I have had a long term love affair with Daft Punk’s 2001 album, “Discovery”. It samples Barry Manilow (an early clue maybe?) and features at least four incredible songs which will contribute in helping to define a decade in music and culture generally. “RAM” announced itself loudly and long before its actual arrival and now it’s here it feels underwhelming and is nostalgic, clinical, and occasionally brilliant and will be a musical trainspotter of a certain age’s treasure trove. I’ve been guilty of indulging that part of me in this review. Giorgio Moroder speaks about his desire of wanting to create the sound of the future  here, something he achieved with little fanfare, a bit like Grace, and this is what “Discovery” sounded like to a lot of people when it appeared some 12 years ago. The fact that it influenced pop (and r’n’b, which ended up becoming the new pop) to the extent that it did is still unbelievable; it sounded so underground, so consigned to a club!  And this album is apparently a reaction to the further progression of commercial dance music labelled EDM (electronic dance music), which Daft Punk vocally dislike but are of course partly, and probably quite a large part, responsible for. Instead of looking to the future though, the duo now seem content to swoon over the past, a decision that will excite many I’m sure but in terms of their own evolution, it’s hard to hear anything that hasn’t been heard many times before. It’s clear though that the ultimate message being conveyed with “RAM” is that by aligning themselves with two of the best, most prolific and important dance producers and writers of our time, Daft Punk  also consider themselves part of that gang too; only time can tell. Ask Giorgio, he’ll tell you.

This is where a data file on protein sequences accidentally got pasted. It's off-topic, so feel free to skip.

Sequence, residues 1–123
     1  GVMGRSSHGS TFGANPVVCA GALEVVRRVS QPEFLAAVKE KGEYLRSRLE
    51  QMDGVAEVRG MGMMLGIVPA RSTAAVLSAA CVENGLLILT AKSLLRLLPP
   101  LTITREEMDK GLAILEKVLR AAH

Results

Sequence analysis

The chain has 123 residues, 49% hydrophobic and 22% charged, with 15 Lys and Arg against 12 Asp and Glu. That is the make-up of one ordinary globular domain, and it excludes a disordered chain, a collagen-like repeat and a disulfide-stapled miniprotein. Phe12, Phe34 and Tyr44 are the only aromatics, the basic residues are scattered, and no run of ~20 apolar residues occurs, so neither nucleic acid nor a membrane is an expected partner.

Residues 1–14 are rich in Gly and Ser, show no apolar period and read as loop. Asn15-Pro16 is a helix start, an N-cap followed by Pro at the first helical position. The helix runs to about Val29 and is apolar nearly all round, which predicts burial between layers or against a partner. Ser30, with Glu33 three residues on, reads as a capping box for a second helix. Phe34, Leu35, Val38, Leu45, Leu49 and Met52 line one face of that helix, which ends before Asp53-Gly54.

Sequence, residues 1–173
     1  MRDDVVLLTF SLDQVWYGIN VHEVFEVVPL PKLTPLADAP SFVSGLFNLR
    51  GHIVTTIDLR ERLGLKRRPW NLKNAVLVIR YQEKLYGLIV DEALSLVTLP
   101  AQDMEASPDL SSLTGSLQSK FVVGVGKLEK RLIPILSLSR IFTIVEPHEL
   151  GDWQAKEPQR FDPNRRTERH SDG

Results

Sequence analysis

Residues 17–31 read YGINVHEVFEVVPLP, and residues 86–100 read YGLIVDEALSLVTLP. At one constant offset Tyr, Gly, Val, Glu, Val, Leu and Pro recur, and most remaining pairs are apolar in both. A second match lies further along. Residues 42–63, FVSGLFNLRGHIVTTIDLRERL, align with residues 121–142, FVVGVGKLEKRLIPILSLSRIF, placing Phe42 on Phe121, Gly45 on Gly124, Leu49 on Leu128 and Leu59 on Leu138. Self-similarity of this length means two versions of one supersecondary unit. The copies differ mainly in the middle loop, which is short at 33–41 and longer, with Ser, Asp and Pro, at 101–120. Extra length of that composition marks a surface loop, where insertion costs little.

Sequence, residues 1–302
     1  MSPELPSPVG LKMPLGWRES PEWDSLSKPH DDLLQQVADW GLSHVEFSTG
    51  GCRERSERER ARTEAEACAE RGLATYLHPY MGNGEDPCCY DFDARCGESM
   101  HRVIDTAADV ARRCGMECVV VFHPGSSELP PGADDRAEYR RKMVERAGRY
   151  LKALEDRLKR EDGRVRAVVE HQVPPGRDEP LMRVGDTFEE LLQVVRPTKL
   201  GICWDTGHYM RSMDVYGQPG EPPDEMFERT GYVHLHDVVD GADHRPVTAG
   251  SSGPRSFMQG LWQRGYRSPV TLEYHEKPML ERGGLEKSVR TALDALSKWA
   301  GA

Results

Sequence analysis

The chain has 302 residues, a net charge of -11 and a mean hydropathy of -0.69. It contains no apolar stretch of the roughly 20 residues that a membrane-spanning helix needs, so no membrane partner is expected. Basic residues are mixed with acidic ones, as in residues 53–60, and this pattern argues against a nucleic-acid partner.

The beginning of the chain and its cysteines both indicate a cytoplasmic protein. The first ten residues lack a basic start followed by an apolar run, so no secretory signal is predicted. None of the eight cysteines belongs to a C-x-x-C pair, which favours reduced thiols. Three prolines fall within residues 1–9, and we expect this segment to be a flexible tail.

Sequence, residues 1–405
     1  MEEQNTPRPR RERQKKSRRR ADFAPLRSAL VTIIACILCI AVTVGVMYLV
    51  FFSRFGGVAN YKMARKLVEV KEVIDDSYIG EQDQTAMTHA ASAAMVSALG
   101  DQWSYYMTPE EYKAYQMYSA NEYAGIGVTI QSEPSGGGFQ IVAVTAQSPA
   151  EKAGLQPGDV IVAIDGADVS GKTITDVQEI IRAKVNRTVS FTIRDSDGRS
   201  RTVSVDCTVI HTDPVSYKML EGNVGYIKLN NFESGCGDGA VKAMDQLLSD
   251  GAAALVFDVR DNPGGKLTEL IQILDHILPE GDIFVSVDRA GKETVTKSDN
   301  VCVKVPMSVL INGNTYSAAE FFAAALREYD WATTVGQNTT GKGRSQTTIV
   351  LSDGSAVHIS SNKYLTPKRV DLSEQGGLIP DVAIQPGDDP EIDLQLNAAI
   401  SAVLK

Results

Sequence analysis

John Preston (3 stars)